Posted 8th June 2018 by Jane Williams
Aurélie Bayle is a Data Protection Officer at be-ys: a role she considers to be at the heart of the new legal framework for any company.
Before GDPR came into effect on 25th May 2018, she was working towards global compliance, which involved completing all the steps given by the Article 29 Data Protection Working Party, an advisory board made up of a representative from the data authority of each EU Member State, the European Data Protection Supervisor, and the European Commission. Her duties have included auditing the structures and processes, preparing the data protection impact assessments, checking the compliance of processing activities, analysing the risks of the processing in the medical area, preparing new processes and policies about data protection, and asking data processors about their own compliance.
Posted 16th April 2018 by Jane Williams
The amount of data we are creating every day has increased exponentially to match the rise in use of smart and connected devices. The internet of things has connected every aspect of our lives to the digital realm: most of these devices operate by tracking your habits, movements, preferences, voice, and more, then logging those habits online. Specifically, the collection of health data has become abundant, because most people now have or wear some sort of device to track daily patterns, steps, cycles, and more. Even our phones often default to track these things for us, whether we choose to enable the function or not.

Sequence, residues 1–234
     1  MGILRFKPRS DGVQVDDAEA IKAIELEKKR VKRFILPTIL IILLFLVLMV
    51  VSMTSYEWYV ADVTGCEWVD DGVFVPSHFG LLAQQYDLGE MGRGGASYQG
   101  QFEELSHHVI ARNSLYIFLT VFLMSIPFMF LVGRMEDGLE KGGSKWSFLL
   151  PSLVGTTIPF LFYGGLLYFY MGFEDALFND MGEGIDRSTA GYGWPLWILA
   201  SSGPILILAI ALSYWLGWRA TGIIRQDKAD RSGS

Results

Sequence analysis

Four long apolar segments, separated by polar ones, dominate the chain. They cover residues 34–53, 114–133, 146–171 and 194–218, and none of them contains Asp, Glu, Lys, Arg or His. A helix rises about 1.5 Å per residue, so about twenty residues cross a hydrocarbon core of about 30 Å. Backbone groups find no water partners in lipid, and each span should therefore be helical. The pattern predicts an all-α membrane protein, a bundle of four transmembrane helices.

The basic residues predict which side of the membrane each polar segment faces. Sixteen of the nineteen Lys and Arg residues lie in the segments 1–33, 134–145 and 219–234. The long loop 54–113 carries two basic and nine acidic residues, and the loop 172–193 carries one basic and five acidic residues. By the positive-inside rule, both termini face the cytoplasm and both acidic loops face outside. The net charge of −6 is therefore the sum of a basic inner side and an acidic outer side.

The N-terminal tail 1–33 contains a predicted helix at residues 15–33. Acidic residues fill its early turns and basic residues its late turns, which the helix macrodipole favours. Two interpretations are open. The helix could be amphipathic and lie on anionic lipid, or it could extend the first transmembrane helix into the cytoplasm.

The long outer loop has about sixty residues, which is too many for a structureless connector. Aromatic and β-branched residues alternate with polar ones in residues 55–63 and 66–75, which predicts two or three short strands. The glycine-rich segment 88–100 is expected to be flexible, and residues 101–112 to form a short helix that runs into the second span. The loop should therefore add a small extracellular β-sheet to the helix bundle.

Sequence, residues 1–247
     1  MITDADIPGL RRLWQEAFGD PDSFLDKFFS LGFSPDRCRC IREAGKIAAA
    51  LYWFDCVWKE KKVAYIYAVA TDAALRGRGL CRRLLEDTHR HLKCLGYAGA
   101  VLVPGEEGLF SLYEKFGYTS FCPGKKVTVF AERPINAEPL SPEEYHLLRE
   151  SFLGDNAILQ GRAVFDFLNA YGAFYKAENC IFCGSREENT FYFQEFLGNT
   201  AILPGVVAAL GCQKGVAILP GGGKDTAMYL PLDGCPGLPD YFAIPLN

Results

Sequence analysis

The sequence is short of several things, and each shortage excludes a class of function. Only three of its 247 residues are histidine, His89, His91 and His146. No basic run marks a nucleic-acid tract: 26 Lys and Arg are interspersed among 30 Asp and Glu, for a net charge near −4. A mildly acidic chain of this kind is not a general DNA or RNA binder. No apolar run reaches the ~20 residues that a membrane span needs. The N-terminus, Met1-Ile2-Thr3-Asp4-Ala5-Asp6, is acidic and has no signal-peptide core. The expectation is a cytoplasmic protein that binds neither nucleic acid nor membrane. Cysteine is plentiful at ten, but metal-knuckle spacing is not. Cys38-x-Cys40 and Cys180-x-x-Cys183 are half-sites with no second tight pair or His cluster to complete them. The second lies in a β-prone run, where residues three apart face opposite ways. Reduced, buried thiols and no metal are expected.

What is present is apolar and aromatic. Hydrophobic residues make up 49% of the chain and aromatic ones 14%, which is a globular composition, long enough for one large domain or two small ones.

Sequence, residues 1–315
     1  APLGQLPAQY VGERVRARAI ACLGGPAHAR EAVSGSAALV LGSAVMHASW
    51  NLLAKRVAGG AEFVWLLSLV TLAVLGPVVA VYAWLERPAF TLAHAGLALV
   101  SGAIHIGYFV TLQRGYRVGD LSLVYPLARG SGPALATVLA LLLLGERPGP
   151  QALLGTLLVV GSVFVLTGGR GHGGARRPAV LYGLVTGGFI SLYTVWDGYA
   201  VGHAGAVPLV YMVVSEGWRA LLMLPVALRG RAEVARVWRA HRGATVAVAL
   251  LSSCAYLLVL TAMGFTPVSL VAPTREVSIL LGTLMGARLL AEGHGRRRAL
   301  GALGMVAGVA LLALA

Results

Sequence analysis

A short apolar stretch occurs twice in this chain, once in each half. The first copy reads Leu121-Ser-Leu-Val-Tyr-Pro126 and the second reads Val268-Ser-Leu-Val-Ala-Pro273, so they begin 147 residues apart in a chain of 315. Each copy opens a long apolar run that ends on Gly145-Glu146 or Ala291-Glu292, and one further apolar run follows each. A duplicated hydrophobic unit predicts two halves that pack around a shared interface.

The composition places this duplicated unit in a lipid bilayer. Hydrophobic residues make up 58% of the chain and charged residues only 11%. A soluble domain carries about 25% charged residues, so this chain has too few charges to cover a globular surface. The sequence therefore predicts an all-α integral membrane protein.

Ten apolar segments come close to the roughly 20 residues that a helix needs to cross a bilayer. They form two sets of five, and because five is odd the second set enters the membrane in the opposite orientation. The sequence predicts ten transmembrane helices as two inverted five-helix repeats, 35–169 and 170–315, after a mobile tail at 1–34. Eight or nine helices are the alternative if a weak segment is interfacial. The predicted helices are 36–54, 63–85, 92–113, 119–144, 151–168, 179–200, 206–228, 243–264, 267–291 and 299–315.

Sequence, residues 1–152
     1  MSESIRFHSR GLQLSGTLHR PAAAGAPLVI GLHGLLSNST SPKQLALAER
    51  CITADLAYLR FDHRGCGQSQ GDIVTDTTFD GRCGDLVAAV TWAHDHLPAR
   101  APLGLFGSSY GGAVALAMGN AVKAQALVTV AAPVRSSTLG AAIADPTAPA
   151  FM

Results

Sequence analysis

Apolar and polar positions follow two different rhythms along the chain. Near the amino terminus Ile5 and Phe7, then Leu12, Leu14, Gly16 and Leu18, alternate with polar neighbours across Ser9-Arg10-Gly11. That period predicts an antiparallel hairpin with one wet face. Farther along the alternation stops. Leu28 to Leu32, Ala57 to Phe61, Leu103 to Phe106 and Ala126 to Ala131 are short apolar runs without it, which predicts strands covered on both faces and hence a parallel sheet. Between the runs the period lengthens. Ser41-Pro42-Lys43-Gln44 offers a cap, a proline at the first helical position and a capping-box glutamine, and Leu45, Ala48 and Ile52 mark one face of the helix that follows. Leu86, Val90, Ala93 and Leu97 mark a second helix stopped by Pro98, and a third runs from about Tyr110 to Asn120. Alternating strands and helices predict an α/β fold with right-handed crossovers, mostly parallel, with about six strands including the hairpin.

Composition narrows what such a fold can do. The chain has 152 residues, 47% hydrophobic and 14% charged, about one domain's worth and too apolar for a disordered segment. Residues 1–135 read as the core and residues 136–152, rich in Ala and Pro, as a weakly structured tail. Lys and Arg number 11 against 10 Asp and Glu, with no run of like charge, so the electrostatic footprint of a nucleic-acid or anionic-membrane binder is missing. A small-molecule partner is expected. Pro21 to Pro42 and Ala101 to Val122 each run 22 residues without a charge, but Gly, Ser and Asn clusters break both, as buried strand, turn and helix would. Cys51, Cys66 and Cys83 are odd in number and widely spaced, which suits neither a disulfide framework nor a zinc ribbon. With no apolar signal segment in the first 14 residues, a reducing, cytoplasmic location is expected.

Posted 13th March 2018 by Jane Williams
The pharmaceutical research industry is suffering from a lack of innovation, yet we see an exponential increase in new science and technologies. Open innovation, in the truest meaning, is a disruptive model that will greatly increase our joint chances of translating new research into treatments, but we need new ways of sharing and participating in collaborative drug research. Blockchain technologies can provide the digital infrastructure that allows trusted and secure transactions of research assets. Applying smart contracts on top of such infrastructure will further increase the speed of the life science ecosystem allowing exploration, co-creation, and transaction of research assets to happen in an unprecedented manner. In fact, we can’t afford to object to such a marriage between pharma open innovation and blockchain technologies.
Posted 7th February 2018 by Jane Williams
What is the blockchain?
According to a recent Forbes article: the blockchain is one of the most misunderstood technologies of 2017 (1). While most healthcare professionals have heard the term “blockchain” and are aware of the innovations in financial technology, few understand the fundamental principles behind the technology in order to speculate the impacts it will have on the healthcare industry, at hospitals, and for patients. This inability is common across sectors and can be attributed to the absence of any standard definition of blockchain technology. However, it is important that industry leaders have a firm basis for understanding it in order to foresee its impacts on their business. What follows is a list of key points for understanding the blockchain and enabling speculation on its impacts in healthcare: